Spring Equinox - Dig Soil, Cut Wood


We are fast coming up to the Spring Equinox, which on paper is a mean between mid winter and summer solstice. This year the temperature has been unpredictable as the path of the pandemic, bouncing between heat and cold, wet and dry. As an aid to dealing with fast growing lawns, i have called in help.

In De Agricultura, Marcus Cato (Cato the Elder) set out early Spring tasks.

"The following work should be done in the spring: Trenches and furrows should be made, ground should be turned for the olive and vine nurseries, vines should be set out; elms, figs, fruit trees, and olives should be planted in rich, humid ground. Figs, olives, apples, pears, and vines should be grafted in the dark of the moon, after noon, when the south wind is not blowing." 

Cato goes on to describe a couple of different ways of grafting olives and grapes. He also points to the advantages of a diversity of farm objectives:
"If you ask me what is the best kind of farm, I should say: 50 acres of land, comprising all sorts of soils, and in a good situation; a vineyard comes first if it produces bountifully wine of a good quality; second, a watered garden; third, an willow-bed to produce baskets; fourth, an oliveyard; fifth, a meadow for grazing animals; sixth, grain land;​ seventh, a wood lot; eighth, an orchard;​ ninth, a mast grove of fodder trees."

The roman authors discuss the need to deal with weeds early. Cato says, of planting a cypress bed: "Hoe often, and clear off the weeds as soon as they begin to grow; for if you pull up the growth when it is hard, you will pull up the cypress with it." Here, i have been dealing with serrated tussock and blackberry - both which would have benefitted from early attention.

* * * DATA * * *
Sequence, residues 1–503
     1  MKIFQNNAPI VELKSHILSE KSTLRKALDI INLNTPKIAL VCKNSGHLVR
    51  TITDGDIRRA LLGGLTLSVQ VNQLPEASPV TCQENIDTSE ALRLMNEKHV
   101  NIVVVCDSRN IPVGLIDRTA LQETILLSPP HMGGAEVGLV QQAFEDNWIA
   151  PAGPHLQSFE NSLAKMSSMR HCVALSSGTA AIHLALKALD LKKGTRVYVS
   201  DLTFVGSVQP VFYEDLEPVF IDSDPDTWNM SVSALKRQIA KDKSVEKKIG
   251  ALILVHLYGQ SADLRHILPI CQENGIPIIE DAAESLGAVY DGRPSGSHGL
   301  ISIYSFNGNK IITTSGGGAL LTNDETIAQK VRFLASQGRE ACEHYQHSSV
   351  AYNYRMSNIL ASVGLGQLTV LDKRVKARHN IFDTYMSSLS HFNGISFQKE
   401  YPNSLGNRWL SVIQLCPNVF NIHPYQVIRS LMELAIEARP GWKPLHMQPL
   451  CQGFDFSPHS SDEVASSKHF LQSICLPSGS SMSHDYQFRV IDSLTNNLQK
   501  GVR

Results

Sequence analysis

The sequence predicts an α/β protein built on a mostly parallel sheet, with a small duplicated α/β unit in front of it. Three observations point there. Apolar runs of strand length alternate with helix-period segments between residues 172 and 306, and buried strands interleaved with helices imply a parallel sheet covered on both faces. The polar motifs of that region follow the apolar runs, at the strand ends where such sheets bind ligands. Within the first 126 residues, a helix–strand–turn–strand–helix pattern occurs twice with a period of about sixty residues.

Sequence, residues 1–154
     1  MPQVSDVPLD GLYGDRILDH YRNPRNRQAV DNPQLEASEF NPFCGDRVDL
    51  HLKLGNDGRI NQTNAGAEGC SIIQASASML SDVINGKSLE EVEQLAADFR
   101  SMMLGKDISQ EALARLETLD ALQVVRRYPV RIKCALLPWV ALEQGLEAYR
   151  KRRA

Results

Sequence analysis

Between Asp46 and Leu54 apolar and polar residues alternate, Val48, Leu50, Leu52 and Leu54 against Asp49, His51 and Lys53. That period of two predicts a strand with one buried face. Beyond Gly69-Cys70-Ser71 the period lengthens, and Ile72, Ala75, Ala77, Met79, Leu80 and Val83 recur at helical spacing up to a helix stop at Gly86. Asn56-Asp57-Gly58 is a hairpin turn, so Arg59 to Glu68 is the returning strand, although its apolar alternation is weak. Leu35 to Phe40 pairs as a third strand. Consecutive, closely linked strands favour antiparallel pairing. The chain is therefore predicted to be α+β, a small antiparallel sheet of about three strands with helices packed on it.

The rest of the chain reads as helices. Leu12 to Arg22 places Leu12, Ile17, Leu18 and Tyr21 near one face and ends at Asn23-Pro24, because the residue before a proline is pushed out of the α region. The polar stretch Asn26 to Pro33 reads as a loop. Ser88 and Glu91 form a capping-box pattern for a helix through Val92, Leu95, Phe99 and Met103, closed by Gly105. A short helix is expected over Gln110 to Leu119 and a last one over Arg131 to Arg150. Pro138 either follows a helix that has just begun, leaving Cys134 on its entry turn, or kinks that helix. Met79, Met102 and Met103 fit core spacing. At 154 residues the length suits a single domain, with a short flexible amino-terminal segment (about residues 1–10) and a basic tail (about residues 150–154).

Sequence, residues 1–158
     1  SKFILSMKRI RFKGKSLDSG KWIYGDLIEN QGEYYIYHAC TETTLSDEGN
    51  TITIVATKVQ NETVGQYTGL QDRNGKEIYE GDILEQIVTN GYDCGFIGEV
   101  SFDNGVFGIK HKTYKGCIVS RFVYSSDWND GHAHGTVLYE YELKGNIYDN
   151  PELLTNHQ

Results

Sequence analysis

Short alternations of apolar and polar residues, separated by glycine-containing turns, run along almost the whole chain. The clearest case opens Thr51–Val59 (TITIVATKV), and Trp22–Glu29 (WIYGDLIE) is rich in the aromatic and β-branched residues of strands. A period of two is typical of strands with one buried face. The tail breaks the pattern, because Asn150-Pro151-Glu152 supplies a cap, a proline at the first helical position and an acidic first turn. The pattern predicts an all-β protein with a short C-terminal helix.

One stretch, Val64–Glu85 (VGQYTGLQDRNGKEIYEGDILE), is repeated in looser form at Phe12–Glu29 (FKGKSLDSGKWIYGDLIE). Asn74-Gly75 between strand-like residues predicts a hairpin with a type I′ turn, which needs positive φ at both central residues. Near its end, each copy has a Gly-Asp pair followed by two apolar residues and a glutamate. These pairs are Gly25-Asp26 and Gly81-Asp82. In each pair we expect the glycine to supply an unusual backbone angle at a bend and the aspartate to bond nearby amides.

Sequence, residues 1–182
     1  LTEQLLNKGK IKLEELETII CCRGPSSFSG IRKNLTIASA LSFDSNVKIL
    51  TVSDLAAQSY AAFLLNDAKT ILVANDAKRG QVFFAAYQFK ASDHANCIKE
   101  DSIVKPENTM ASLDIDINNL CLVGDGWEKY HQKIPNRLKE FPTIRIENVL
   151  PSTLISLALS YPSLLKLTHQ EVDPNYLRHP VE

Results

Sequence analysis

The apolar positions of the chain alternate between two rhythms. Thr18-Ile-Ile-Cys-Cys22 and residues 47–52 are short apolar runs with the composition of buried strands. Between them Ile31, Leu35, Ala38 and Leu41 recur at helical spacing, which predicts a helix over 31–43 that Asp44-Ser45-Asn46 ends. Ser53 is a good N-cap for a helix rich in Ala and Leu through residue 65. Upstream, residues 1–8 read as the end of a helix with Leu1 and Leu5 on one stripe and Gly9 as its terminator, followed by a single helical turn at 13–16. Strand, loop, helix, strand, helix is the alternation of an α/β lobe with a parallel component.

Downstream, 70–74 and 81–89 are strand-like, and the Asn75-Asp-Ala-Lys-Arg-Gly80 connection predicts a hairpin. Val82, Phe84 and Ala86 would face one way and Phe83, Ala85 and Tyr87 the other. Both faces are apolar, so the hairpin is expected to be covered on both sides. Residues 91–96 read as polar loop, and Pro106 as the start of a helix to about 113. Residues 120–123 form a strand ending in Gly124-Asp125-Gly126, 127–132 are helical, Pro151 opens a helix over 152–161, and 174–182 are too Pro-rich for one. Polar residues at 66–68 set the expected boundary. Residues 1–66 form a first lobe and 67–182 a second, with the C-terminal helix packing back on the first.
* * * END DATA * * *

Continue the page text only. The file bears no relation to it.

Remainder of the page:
This year. I have also been digging out a new vegetable patch (although the idea of also planting an elm woodlot is very attractive - both elm and willow burn solidly). The vegetable patch will be eventually enclosed to exclude bird, roo and wombat. The day after this effort with cultivator and spade has been spent with pain killers and a very sore back, both side effects omitted by Cato.

An additional task this year has been to fell bifurcating gums. In heavy winds, those gums that have grown in this way tend to split and fall - while their single stemmed neighbors seem to resist damage a little better. Here one stem has been left to grow (as a shade tree in a large grove) while the second stem felled and stacked. 

Cato notes the importance of a woodlot:
"It is especially desirable to have a plantation​ on a suburban farm, so that firewood and faggots may be sold, and also may be furnished for the master's use." 

Reasonably straight branches have been set aside for repairing tools.
Cato is quick to point out the uses of wood for a great deal of basic farm utensils including wooden mortars, scoops, pins to hold olive presses in place, spades (romans used about 1/3 iron spades to 2/3 wooden spades), oil ladles. Osier-beds (stands of willow tree) were particularly useful for a whole range of container applications.

Cato makes an oblique reference to iron and wooden spades. Other authors suggest that a 50 acre farm should possess 10 wooden spades and 5 iron spades. A funeral monument at Rome displays a 'pala' (the word continues in use to describe the blade of an oar), similar to our metal spades but with the addition of a cross bar about 6 inches up the handle from the top of the wooden blade of the spade - which would have enabled the spade to be pressed far deeper into the soil than our present models. 


Popular Posts